This month’s TSQL-Tuesday topic is so much fun to write about that I’ve decided to create a second post.
When Recursive CTEs were introduced in SQL Server 2005, many people gave examples of how they can be used to generate a “numbers” table. (I’ll ignore the debate about whether it’s the best way to generate the table, or if we should even care). Well, once you have a numbers table it’s easy to create a Calendar table or Date Dimension.
The script consists of three parts. The first section is a recursive CTE, using a method attributed to Itzik Ben-Gan, that generates a numbers table. In the second section, each number in the table is added to your starting date to generate a list of days between the start and end dates. Each date is also associated with the first date of its fiscal year using a creative approach I learned from this forum post. This “first date” of a fiscal year will be used to perform the fiscal date calculations in the final step. Finally, the days CTE is used with a series of date functions to populate the calendar table or date dimension.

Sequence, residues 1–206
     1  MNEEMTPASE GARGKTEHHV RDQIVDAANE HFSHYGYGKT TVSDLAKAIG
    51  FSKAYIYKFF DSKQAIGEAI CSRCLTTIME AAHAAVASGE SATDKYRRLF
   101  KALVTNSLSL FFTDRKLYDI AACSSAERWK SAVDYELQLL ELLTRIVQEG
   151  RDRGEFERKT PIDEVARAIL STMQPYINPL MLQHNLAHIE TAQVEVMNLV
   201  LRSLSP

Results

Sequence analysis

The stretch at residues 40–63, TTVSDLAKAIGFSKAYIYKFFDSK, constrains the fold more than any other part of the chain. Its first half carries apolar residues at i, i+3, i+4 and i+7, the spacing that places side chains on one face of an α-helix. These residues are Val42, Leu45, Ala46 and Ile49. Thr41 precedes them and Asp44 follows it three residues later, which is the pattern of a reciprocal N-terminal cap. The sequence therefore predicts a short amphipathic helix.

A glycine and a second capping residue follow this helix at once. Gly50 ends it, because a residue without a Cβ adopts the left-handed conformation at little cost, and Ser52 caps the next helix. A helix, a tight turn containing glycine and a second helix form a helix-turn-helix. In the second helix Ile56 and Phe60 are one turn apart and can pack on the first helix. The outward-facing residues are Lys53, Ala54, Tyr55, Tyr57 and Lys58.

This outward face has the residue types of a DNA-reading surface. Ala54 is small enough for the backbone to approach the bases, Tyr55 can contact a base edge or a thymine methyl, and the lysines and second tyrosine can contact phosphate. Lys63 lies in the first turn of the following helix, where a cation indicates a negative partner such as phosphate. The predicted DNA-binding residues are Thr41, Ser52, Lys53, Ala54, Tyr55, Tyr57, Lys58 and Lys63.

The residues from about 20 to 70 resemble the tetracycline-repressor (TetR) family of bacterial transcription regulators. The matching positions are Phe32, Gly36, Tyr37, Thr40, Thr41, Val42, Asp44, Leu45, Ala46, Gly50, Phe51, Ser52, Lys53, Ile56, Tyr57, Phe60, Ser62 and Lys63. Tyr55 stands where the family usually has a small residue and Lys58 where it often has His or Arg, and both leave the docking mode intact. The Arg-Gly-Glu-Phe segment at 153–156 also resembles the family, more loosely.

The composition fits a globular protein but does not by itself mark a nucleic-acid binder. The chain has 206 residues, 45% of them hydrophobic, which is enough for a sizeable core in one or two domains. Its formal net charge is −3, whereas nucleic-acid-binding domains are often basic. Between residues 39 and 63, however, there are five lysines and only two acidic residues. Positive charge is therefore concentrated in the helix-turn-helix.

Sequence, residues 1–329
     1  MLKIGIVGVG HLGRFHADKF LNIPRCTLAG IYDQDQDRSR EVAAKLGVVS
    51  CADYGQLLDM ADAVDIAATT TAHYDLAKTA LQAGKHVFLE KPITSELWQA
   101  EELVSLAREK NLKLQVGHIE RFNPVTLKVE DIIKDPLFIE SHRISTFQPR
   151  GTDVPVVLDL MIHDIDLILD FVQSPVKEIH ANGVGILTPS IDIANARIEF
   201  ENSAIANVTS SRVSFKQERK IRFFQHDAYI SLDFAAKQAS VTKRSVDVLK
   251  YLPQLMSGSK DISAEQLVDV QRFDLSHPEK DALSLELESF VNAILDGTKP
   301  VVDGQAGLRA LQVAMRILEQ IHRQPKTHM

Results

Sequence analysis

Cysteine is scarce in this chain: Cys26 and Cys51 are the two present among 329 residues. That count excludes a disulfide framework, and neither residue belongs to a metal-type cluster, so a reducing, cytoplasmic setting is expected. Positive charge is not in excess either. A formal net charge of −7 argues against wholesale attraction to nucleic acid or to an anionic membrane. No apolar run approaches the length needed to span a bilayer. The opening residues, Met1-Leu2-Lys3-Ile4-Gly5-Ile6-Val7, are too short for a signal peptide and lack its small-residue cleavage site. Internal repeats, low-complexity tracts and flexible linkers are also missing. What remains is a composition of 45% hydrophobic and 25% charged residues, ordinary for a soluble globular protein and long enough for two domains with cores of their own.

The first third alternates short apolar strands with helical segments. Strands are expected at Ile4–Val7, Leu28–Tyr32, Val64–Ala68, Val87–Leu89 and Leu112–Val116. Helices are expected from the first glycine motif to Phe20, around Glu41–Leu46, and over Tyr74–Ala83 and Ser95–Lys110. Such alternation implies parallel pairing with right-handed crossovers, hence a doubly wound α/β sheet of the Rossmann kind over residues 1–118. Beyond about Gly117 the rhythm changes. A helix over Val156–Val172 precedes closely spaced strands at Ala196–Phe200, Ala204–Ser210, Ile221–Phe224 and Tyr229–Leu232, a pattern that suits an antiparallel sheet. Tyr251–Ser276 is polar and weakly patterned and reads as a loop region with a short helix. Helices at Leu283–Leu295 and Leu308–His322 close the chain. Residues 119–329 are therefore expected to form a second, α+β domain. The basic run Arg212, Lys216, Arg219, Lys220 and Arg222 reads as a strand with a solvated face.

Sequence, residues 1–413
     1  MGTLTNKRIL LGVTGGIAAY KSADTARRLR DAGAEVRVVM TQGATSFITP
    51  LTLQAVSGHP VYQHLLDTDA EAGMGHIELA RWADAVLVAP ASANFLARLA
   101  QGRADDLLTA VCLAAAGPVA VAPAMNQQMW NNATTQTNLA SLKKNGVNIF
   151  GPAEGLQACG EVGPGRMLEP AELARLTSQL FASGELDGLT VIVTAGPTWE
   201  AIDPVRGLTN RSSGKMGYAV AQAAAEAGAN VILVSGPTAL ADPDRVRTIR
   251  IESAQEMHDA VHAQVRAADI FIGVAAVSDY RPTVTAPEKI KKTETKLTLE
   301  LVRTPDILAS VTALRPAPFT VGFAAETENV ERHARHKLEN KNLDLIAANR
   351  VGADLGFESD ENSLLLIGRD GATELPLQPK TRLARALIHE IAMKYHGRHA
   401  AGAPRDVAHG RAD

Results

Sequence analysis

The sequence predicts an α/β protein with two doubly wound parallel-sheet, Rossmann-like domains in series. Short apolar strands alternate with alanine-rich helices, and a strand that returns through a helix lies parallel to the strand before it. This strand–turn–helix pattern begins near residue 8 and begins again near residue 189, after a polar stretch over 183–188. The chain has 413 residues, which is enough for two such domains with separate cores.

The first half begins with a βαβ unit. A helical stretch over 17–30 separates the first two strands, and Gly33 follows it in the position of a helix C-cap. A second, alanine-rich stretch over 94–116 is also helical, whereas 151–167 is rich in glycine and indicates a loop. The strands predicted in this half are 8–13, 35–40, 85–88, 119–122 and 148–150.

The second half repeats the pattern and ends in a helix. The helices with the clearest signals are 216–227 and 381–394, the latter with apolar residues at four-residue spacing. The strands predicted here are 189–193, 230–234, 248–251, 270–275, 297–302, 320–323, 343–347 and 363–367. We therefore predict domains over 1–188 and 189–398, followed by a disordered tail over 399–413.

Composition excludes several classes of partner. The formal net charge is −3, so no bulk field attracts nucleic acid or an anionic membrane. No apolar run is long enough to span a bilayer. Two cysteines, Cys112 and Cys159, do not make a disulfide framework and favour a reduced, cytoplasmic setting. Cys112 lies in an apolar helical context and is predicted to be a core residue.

Here’s a sample of the output:
Do I get extra credit for writing two posts?